SEATTLE — This was the third Friday of September, just before the start of Warriors training camp. The plan called for Durant to arrive at Powell Barnett park in east Seattle at 1 PM, speak to the crowd, knock down an inaugural jumper on the refurbished court—the work of his Kevin Durant Charity Foundation—and engage in a shooting game with local kids. Lenny Wilkens was on hand, looking ageless. A DJ spun PG-rated dance tunes. A makeshift VIP tent provided shelter from a light sprinkle. And many, many boys and girls clustered, either with parents or, one assumed, having found creative reasons to avoid school.
Then Durant arrived and all hell broke loose. On the court, a local dignitary was in the middle of a speech, only to see it rendered instantly irrelevant. The kids and dad and moms swarmed Durant (especially, it should be noted, the dads), cell phones and Sharpies in the air. Durant gave a brief speech and hit the first shot. But there was no way he was getting enough air space for a shooting game.
Durant’s handlers aborted the rest of the program and encircled him as he posed for photos, signed autographs, and did some media hits, including this one. As Durant answered questions, scrunched onto a folding chair that made him look like a parent visiting an elementary school, a throng stood, held at bay, about ten feet behind him. Then Durant’s crew hurried him up some steps to a waiting car. In the stampede of teenagers that ensued, someone broke the branch off a tree. Such is the lure of Durant, especially in Seattle.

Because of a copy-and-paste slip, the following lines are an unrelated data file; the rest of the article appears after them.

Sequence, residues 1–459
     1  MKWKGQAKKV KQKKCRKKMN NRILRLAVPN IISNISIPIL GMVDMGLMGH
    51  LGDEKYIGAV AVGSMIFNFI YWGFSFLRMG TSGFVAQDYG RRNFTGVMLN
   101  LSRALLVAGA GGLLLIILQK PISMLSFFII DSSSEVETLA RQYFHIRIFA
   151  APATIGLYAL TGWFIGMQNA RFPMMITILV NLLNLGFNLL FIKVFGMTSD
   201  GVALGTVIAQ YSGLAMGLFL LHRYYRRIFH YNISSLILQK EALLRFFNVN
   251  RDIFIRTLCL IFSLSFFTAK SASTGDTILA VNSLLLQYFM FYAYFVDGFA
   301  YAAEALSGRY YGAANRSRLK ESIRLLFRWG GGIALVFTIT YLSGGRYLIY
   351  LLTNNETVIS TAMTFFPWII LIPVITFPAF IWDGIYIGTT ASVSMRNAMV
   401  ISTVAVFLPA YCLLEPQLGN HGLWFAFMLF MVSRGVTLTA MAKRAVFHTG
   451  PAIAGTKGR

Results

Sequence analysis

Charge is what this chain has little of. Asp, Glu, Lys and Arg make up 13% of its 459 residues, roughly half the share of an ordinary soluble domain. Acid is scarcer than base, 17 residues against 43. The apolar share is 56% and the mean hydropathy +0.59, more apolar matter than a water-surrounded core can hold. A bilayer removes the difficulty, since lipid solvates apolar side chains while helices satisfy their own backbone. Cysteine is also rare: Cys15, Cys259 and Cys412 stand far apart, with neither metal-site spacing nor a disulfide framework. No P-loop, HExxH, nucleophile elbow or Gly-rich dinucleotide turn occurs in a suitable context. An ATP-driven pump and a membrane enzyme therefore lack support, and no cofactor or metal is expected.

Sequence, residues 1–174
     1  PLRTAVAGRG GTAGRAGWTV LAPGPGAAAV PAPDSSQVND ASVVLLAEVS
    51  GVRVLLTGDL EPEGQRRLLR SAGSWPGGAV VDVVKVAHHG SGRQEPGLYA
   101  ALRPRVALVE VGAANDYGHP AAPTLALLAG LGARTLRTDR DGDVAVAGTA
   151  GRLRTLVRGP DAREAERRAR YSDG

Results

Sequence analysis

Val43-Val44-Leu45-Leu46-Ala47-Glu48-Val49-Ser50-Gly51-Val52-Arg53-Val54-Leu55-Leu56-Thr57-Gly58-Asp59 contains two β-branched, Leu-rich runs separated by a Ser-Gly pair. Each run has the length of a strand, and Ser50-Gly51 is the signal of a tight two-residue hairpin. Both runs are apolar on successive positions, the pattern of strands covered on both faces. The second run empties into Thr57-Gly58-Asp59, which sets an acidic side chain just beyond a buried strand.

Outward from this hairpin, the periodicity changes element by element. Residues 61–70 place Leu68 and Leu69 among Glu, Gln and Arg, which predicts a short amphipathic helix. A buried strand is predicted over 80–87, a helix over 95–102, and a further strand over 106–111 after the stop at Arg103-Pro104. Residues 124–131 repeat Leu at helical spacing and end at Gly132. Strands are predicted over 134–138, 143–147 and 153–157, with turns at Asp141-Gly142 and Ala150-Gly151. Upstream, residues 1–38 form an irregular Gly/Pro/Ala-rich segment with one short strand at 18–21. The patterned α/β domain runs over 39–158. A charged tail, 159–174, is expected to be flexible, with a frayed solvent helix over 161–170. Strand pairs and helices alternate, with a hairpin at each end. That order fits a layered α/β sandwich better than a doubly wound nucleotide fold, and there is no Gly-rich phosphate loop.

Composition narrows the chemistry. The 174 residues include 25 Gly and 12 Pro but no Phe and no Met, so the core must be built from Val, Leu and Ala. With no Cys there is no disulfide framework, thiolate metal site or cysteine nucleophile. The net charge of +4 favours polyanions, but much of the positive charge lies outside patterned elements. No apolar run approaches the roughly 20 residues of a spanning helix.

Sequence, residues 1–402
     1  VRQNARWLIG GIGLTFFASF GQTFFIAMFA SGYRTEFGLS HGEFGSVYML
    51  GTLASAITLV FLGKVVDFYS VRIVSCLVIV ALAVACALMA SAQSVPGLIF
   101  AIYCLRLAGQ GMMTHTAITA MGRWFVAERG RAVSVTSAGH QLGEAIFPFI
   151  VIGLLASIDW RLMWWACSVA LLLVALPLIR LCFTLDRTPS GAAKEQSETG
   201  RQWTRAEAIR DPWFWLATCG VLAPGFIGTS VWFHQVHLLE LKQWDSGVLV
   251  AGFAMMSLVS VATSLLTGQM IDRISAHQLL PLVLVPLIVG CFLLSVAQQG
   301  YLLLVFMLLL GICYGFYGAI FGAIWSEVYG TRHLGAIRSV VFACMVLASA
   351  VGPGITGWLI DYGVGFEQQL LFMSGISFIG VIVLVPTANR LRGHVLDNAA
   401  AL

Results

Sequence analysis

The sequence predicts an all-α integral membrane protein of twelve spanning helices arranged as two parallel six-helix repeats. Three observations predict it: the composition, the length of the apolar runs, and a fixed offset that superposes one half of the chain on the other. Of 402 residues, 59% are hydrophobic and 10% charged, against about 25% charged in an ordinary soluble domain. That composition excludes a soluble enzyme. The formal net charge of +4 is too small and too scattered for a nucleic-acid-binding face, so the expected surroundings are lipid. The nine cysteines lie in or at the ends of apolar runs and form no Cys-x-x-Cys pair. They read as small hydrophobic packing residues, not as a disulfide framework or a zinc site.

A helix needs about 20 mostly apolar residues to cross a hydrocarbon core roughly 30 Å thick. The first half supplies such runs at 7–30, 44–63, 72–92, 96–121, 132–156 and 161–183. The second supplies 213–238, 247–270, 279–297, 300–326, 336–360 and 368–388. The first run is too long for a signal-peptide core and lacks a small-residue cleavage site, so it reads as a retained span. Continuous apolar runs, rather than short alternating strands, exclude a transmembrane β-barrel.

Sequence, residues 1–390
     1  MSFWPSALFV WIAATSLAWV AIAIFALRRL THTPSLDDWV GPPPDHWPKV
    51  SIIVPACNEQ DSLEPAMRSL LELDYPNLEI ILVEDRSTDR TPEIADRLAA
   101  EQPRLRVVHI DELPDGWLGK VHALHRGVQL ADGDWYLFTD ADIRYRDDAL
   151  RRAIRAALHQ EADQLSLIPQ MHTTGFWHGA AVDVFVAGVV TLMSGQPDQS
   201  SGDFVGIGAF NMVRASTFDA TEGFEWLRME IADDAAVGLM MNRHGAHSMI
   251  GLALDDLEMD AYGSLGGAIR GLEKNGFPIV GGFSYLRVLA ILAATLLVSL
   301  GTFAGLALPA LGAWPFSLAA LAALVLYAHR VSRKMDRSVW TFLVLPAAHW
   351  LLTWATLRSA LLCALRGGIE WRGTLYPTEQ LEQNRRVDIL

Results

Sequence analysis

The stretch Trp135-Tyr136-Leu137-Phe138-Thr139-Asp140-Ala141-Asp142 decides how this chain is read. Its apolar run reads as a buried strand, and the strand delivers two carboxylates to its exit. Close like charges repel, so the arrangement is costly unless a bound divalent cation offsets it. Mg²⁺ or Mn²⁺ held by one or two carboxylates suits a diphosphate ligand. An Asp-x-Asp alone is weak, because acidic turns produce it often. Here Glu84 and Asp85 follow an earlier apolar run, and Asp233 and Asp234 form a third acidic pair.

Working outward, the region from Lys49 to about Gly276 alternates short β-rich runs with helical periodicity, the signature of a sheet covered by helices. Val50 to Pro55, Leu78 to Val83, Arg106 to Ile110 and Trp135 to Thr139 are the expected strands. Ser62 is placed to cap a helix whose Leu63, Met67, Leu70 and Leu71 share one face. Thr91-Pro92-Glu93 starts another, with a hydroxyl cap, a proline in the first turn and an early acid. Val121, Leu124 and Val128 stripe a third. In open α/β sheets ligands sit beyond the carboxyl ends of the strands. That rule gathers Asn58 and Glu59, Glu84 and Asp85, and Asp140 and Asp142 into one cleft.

This isn’t entirely new for Durant, of course, who’s been a sports celebrity his whole adult life. This season will be different, though. Some will love him; others will find any number of reasons to denounce or root against him. That’s all external, though.
The internal friction could be the more interesting element. Durant says he wants to be a team player, part of a selfless whole. He’s also the best scorer of his generation, a guy not immune to tracking his stats during games and informing his teammates that, Hey, I’m Goddamn Open Over Here. His evolution to part-time hero could be rocky. Or it could be near-seamless, as with Chris Bosh and Ray Allen. (I’d love to hear Durant’s candid answer to the question posed of points per game vs. titles, both now and again after this season, but he’s savvy enough not to share that publicly).
In Seattle, I sensed a wariness, whether on account of the situation or that days’ comments from Russell Westbrook, one enforced by the ground rules for the interview (no questions about free agency or the summer). Since then, Durant has been opening up some, perhaps inching toward that “Screw it” mode Kobe eventually reached (though, of course, Kobe called it the “F—k it mode”). Here’s to hoping it continues.